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Posts tagged: bus passengers

Spokane wildlife

He might have been over 6 feet tall, but the thing you noticed was what he had on his head.

It was a furry, face-covering hat/mask that was supposed to look like a fox or something. It was sort of like this young man had his own head inside the head of an extra-large plush toy. And he was carrying a painting or something.

I was behind him as he boarded the 1:50 No. 43 downtown.

The driver, a friend of mine named Scott, looked at this fellow ahead of me and calmly asked a question.

“Are you a service animal?”

 “Yes,” he said.

Scott said that was good to hear, because otherwise he would have to ride in a cage.

As service animals tend to do, the fox-head kid minded his own business and rode all the way to the Albertson's at 37th and Grand.

Blame game

The 1:50 No. 43 bus going up the South Hill was Third World full.

So I stood and held on to a strap up near the front. How urban.

I didn't mind my position because the driver is a friend and my proximity allowed me to visit with him a little.

Then, near the end of my ride, things took an odd turn.

With the bus heading east on 37th, an elderly woman pulled the cord for a stop. She then marched up to the front and complained to the driver that she had requested a stop at Arthur, which we had now passed. The driver politely informed her that her tug on the cord had come too late for that stop and that the next one was at Perry.

She continued grousing, and the driver calmly pulled over and offered to let her off between stops. She still wasn't happy but said she would go ahead to the stop at Perry.

And at some point she gestured toward me and said “I couldn't see because of this man.”

The driver, in a joking tone, said, “Oh, yeah, THIS guy…”

Only she didn't realize he was kidding, and she continued to go on about how I was obscuring the view from where she had been sitting, et cetera.

I have some experience with being patient with elderly ladies. But I came close to offering her my own frank analysis of how we had arrived at this state of affairs. I didn't, though.

All I need is for some other passenger to then go around telling people that he or she had seen Paul Turner yelling at an old lady on the bus.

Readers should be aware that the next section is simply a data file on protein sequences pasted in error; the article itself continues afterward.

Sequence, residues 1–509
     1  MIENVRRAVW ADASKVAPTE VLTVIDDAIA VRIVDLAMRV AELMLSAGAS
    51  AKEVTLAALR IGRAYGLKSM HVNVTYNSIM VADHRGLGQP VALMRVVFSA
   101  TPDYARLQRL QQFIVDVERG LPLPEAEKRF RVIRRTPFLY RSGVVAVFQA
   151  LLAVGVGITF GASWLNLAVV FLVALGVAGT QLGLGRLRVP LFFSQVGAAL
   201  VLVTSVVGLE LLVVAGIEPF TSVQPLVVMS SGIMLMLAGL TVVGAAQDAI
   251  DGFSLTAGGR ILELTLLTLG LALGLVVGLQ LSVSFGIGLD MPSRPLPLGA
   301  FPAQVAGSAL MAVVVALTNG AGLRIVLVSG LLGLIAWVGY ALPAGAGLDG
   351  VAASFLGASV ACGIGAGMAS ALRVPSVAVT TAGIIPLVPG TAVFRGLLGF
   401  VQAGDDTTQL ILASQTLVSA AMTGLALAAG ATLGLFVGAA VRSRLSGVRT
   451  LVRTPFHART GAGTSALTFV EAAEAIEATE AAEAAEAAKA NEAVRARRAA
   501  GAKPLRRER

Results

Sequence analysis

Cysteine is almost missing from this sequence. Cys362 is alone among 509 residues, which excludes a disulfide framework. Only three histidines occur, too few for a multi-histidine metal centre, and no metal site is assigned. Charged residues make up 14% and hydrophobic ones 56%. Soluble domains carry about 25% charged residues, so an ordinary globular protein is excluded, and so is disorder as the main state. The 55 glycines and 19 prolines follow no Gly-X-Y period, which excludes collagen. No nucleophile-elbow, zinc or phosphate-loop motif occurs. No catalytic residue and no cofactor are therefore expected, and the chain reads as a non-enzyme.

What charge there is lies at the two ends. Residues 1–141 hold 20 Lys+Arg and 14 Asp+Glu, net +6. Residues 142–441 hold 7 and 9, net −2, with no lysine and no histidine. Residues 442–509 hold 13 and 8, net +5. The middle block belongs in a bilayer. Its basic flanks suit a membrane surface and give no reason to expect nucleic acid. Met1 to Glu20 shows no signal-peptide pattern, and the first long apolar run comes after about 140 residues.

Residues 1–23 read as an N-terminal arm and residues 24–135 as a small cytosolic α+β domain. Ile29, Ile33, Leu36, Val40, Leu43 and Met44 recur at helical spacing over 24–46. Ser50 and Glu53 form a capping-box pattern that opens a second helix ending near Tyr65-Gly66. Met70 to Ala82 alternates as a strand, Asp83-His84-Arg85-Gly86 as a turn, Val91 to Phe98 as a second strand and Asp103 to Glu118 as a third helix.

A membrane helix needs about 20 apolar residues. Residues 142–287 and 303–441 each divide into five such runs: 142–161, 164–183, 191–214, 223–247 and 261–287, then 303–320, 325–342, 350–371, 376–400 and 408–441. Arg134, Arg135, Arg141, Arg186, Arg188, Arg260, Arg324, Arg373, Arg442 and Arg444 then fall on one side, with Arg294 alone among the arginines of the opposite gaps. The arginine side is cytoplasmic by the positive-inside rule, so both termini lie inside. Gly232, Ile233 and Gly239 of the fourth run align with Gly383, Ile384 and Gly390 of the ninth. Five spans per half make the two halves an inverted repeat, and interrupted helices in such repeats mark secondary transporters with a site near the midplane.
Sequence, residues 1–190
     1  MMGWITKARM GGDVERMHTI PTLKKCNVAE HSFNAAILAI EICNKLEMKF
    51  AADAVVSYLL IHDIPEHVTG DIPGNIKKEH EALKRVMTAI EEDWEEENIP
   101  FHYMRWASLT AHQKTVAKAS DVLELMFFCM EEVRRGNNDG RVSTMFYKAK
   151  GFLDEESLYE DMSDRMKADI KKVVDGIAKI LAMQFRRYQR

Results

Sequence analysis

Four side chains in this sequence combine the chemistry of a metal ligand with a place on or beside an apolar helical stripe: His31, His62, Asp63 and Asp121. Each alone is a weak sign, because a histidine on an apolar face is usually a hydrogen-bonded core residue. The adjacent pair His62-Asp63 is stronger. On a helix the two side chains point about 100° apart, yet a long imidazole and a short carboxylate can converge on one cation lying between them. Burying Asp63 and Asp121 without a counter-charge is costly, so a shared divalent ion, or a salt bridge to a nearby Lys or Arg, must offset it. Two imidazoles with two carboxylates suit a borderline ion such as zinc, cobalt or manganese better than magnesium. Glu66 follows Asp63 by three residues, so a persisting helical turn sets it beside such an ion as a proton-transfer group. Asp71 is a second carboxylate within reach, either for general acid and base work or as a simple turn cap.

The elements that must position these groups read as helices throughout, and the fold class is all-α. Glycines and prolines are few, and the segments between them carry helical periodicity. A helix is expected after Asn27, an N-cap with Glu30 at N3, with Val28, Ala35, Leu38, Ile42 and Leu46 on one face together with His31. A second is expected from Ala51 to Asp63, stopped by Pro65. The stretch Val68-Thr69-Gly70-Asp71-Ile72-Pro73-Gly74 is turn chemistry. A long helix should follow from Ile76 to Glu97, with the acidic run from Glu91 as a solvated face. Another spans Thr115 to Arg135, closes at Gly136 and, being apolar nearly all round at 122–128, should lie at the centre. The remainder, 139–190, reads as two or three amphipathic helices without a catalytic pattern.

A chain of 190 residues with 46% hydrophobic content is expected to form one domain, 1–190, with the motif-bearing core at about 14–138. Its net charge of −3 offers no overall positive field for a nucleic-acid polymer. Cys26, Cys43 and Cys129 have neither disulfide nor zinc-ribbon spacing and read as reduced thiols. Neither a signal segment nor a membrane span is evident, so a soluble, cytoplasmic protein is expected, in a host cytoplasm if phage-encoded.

Face time

The 2:20 No. 43 bus was crowded this afternoon.

I was aware that someone had sat down next to me. But I wasn't in the mood to visit, so I kept reading a news story on my phone.

Eventually, I looked up and realized my seatmate was someone I know slightly — Richard Rush, the former Spokane city councilman.

We didn't talk much about his close loss in the recent election. And to the extent that we did, he didn't seem bitter. Though it's always hard to tell about these things. I know I would find it difficult to be gracious.

Mostly we talked about Spokane's late-arriving winter, walking vs. riding a bike and about the South, where both of us have extended family.

I know there are people who can't stand Rush. Once on a story about a bicyclist being killed in a traffic accident, a classy anonymous commenter said it was too bad Rush hadn't been the victim.

But I admire someone who gets involved in public life and doesn't just sit around pissing and moaning with his friends.

There are all kinds of losers in our society. But not winning an election doesn't necessarily make you one of them. 

The odds were in his favor

A little boy waiting outside the STA Plaza said “There's our bus” every time one approached or went by.

“No, not yet,” said a woman I assumed to be his mother. Over and over.

Eventually, though, he was going to be right.  

Today’s reason why…

…most of us wouldn't last as STA drivers.

The joys of arguing with riders about which kind of coffee containers are allowed on the bus and which aren't. 

Spokane, Washington 2:41 p.m.

She didn't seem like someone who would turn heads.

She had on a silly amount of makeup. And it did not appear that her eyes were ablaze with the sparks of a special personality. But she was a young woman who seemed fit.

So when she asked a route related question, to no one in particular, these two guys sitting near her on the No. 43 bus lurched into action.

They were not together. I'm tempted to call them Dumpy Guy and the Knit Hat Man. But that sounds demeaning. So I won't.

Let's just say they both know their STA route schedules. And they were happy, delighted even, to share their knowledge of the timetable with her.

They were, in fact, showing off.

Hey, it's what a lot of guys do.

I don't think I had ever seen exhaustive knowledge of the bus schedule used in an attempt to impress a woman. But I have now.

And though a bit obvious because of the feverish presentations, it was not obnoxious.

One of those guys got off at her stop, but my window was too grime-caked for me to see anything.

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About this blog

Features writer Paul Turner is a columnist for The Spokesman-Review in the Features department. He writes "The Slice" column, which appears six times a week and produces general features stories for the Today section.

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